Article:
The minister tried to calm my office's fears about removing a basic civil liberty from Australian citizens—that is, their right to silence—by informing me that the government had arranged for an indemnity from prosecution for any crime should someone be forced to incriminate themselves during those extreme interrogations. When asked about the sorts of crimes that this indemnity covered, the minister was forced to admit that even if someone had committed a murder and confessed to that crime during an ABCC official interview they would receive an indemnity—as long as the murder was related to the building industry, because if you have committed a murder that is not related to the building industry and confess during an interview covered by the provision of the ABCC legislation then you do not qualify for an indemnity.

This response raised eyebrows with the Law Council. Firstly, it is ridiculous that this parliament is being asked to legislate to give you an indemnity to murder should you confess during an interview. That gem came from the minister's own mouth in my office. Secondly, it is completely bizarre that the minister and her legal adviser can suggest that one type of murder qualifies for an indemnity while another murder simply does not. According to the minister, if you bury the body under cement and say the murder was related to the building industry, then you have indemnity. But if you buried the body in the woods and the murder was carried out because of a non-building related activity, you do not get an indemnity from prosecution. That was the point where it became clear that this legislation was, quite simply, drafted by a roomful of monkeys and a typewriter.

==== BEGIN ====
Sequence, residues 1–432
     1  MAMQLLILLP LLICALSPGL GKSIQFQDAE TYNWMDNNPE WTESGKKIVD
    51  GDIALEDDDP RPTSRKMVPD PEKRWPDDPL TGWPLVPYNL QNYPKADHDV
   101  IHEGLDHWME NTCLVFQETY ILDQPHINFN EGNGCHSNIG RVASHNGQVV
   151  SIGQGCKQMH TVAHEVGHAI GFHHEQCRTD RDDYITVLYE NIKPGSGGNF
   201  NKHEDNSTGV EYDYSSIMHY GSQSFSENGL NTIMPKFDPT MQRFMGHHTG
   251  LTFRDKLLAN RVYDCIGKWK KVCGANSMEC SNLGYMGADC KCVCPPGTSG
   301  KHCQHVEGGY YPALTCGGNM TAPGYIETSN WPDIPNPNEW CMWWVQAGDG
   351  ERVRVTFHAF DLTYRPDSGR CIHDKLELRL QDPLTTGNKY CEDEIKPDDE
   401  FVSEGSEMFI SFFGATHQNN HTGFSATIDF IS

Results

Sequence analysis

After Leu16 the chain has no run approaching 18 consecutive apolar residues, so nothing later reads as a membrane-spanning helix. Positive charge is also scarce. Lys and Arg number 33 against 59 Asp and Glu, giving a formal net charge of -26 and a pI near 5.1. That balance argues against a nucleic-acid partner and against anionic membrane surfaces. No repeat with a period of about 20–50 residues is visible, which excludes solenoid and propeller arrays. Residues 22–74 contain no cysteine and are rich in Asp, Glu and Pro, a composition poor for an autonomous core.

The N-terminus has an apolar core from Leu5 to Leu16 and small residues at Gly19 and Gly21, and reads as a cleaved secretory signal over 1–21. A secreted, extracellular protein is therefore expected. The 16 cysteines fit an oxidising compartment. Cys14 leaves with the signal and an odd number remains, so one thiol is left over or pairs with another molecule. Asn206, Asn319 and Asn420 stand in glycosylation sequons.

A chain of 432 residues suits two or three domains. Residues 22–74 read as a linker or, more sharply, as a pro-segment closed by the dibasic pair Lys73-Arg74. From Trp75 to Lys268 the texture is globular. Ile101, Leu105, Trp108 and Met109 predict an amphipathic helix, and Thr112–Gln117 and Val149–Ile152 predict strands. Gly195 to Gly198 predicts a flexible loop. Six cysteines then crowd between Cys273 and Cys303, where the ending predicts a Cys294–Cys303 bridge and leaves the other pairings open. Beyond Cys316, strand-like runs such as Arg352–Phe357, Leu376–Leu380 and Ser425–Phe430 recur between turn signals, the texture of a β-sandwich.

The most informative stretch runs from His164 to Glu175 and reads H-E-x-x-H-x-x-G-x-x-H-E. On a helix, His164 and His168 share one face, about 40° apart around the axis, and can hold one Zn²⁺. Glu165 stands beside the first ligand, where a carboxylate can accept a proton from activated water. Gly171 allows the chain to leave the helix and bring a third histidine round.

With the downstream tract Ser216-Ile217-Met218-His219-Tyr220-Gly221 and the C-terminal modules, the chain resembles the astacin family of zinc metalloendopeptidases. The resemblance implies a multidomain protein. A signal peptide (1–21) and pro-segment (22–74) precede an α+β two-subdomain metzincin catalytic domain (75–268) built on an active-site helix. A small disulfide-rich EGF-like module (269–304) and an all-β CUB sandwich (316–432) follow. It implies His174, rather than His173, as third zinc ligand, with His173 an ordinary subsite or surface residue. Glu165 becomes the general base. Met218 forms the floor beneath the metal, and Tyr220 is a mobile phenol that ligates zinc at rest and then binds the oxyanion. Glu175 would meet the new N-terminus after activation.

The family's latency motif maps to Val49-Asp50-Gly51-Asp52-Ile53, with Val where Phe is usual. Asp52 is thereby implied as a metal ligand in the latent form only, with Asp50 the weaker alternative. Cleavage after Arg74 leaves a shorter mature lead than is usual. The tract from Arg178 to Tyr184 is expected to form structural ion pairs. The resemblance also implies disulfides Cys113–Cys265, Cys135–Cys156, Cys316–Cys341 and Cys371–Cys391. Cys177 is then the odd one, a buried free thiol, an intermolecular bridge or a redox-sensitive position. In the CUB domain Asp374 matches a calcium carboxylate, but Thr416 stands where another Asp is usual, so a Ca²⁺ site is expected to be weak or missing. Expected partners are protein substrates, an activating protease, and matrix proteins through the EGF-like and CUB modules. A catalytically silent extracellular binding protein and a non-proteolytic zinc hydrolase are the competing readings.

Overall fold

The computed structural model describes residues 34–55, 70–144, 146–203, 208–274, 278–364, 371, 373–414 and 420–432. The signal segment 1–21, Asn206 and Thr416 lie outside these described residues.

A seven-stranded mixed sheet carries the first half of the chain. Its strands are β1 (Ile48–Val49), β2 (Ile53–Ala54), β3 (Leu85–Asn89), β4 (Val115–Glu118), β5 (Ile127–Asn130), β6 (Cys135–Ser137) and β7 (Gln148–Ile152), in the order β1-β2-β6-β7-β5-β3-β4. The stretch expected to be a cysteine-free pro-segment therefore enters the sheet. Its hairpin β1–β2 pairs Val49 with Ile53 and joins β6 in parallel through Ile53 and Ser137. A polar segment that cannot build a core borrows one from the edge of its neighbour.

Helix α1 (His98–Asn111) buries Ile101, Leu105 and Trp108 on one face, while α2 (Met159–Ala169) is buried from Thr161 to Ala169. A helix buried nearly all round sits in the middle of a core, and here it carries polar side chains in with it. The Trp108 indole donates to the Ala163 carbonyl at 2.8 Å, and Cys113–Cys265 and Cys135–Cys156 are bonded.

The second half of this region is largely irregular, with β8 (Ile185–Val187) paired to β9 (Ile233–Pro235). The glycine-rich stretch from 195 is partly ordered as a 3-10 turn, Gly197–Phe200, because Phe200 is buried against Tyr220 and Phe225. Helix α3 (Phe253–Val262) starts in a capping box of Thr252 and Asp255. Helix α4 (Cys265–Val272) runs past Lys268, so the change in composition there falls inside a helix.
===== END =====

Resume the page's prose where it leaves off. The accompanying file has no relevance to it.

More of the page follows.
It is very bad and poorly drafted and has scant regard for the rule of law and basic democratic rights in this country. The Law Council of Australia confirmed my opinion after a subsequent meeting to discuss the minister's briefing. I admit that there was a period when, in good faith, I would have passed this legislation had the government met certain conditions: the deregistration of the CFMEU, a viewing of the royal commission secret reports and the establishment of a federal ICAC.

As my research and consultation on the ABCC progressed over the months, my trust in Commissioner Heydon was shattered when it became blindingly obvious that he had lied to the people of Australia about the so-called grave threats he had discovered to the power and authority of the Australian state. I am in a unique position to pass judgement on Commissioner Heydon's secret reports and findings. Unlike most Australians and politicians, I have read Commissioner Heydon's secret reports. It is fiction and it is a lie. There are no grave threats to the Australian state. If there were, ASIO would have been all over the Heydon royal commission like a bloody rash. They would have been over it and they would have known about it. When I questioned ASIO at estimates about Heydon's secret reports, no copy had been referred to them nor had ASIO even thought of asking for a copy of the secret reports. A royal commissioner who agreed to participate in a Liberal Party fundraiser lied to the parliament and the Australian people about the seriousness of the threat to the Australian state through his investigations into union and other corruption. This is the debate in which the question 'Why?' must be asked.